Very few people (certainly not the smart, savvy, people who read PCWorld articles) run their computers without up to date firewall and antivirus software. Most users know better than to click a message from "Bank of Amerika" that tells them "Your account is much suspect of risk, please input number for verify."

Regardless, there's always a new security hole, exploit or social engineering trick that can catch even the intelligent and cautious in a moment of weakness. Another threat is the possibility that someone might gain physical access to your computer, whether it's a laptop thief, a sneaky coworker with dubious intent or an aggressive lawyer for the RIAA.

This feature discusses several ways to keep your digital valuables safe, even if someone is prowling around your house.

Don't give crooks a free pass(word)

I wish to publicly confess a venial but pretty dumb sin: I often re-use usernames and passwords. All a malicious hacker has to do is get that combination from an insecure site, say Gawker Media, and then brute force it against other sites. In my defence, my most important accounts, my email, my banking, my web administration, use unique names and passwords.

In an era when you have to register a user ID and password to just to tell some random person on the Internet that they're wrong, it's virtually impossible to create passwords that meet the target of being "easy to remember, hard to guess."

Most modern web browsers have a basic password save feature, but looking outside the browser to specialised programs is usually a better bet.

KeePass, a free and open source program, offers a lot of tools and options for far more than just web passwords. It has a nice system of categories (which you can extend with subcategories) for organising passwords. It also supports third party plugins and even scripts. Thanks to one free/donationware plugin, Clockwork's Firefox to KeePass Converter, I was able to import all my stored Firefox passwords, which is crucial for getting me to actually use a program like this.

That brings me to Password Safe, another free and open source tool. Password Safe has an import feature, but it requires that you use its XML or CSV formats, which are not the ones that the most popular password export plugins for Firefox typically use. It claims to support KeePass exports, but I tried both the XML and CSV export formats from KeePass, and neither worked. Password Safe is also less feature rich than KeePass, and since they're both free, it's hard to give the advantage to Password Safe at this point.

My favourite of the three password management programs I tested, though, is Sticky Password, which is the only one that costs money (although it does have a 30-day free trial). It has the best browser integration features, requiring no hoops to jump through and offering support for a wide range of common and obscure browsers. The downside of a commercial program is not just price (which is reasonable, but not cheap), but risk: Open source programs have many eyes upon them, looking for exploits and verifying that no backdoors exist.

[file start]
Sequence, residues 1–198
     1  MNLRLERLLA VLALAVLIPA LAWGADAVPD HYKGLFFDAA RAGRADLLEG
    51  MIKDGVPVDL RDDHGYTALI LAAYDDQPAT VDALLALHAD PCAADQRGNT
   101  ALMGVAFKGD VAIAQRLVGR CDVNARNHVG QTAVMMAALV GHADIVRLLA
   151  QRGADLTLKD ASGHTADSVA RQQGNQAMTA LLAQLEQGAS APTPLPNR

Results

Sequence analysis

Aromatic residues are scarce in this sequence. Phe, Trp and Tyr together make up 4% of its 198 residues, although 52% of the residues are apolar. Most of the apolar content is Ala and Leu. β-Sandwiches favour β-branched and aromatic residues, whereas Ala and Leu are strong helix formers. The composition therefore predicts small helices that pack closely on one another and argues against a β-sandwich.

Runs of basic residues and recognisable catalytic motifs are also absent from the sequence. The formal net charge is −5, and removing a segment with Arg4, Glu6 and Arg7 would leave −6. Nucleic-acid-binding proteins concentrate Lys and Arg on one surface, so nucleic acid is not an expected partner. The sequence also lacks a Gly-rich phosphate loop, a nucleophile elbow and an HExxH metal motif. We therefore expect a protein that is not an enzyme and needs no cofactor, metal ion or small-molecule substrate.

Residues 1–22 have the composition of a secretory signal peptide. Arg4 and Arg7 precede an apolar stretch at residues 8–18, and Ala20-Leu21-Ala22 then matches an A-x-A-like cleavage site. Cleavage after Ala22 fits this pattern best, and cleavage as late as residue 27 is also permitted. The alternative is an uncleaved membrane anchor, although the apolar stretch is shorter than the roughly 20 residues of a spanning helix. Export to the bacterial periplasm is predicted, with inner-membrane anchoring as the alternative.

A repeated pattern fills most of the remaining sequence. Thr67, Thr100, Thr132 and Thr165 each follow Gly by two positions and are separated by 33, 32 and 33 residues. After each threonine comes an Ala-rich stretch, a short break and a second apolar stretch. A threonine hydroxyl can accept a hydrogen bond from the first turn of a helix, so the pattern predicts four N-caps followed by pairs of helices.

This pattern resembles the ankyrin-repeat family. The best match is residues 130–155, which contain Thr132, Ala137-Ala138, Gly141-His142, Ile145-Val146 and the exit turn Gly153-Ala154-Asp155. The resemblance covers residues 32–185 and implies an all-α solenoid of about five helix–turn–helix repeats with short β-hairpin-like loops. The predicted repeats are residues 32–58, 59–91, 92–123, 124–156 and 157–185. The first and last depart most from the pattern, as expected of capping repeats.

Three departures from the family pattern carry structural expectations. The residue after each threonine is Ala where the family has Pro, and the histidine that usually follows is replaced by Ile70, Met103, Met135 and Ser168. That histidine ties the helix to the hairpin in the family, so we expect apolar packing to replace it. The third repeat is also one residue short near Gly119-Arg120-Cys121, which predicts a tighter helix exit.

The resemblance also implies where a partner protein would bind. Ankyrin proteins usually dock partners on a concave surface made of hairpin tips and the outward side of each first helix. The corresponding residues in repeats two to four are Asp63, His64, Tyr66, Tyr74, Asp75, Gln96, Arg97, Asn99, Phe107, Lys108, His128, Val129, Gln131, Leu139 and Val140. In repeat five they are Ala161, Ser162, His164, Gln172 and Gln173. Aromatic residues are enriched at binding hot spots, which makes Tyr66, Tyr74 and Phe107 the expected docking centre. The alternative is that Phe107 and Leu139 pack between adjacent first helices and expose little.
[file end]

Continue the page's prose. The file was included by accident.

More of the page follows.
A program in this niche is asking you to put an awful lot of valuable information in one place, and that's a high level of trust when someone is handing you a black box. That said, there's no reason to believe Sticky Password isn't secure and safe, it's up to you to decide what level of paranoia you feel comfortable with.

Password managers and the next category of tools, disk encryption utilities, share a common strength and flaw: a single point of failure. A password manager has its own master password of course, and if that becomes known, everything becomes known. Going by the premise that you need to remember only one such password ever, you can and should make a very long and complicated "strong" master password.

Don't put it on a sticky note on your monitor, either. If your system is not secured, however, any keylogger or other piece of malware can grab that master password, no matter how cunning it is. Although brute force attacks are possible if your computer has been physically seized, you're much more likely to face attacks in the form of spyware or social engineering than a supercomputer churning out a million keys a second.

Encryption reserves data for your eyes only

Disk encryption software protects what's on your hard drive by turning it into a mass of unreadable gibberish, something even more difficult to read than the comments section on YouTube. You can use such a tool to encrypt an entire drive, or to create an encrypted file that the computer can then mount as a virtual drive. The encryption software sits between your applications and the encrypted disk, encrypting and decrypting on the fly. The applications are not aware that the information they're using is encrypted.

Usage tip: If a hacker, or say just a nosy coworker, acquires access to your computer when an encrypted volume is mounted and the person has the ability to see the volume as a drive, the snoop will be able to read or copy files from the volume just as they would from an unencrypted drive. They may not even know that the drive is encrypted. If the encrypted data is not mounted, however, it appears as an undifferentiated lump of random characters. The following two utilities, BestCrypt and TrueCrypt, both support options to dismount a drive automatically after a user defined period of inactivity.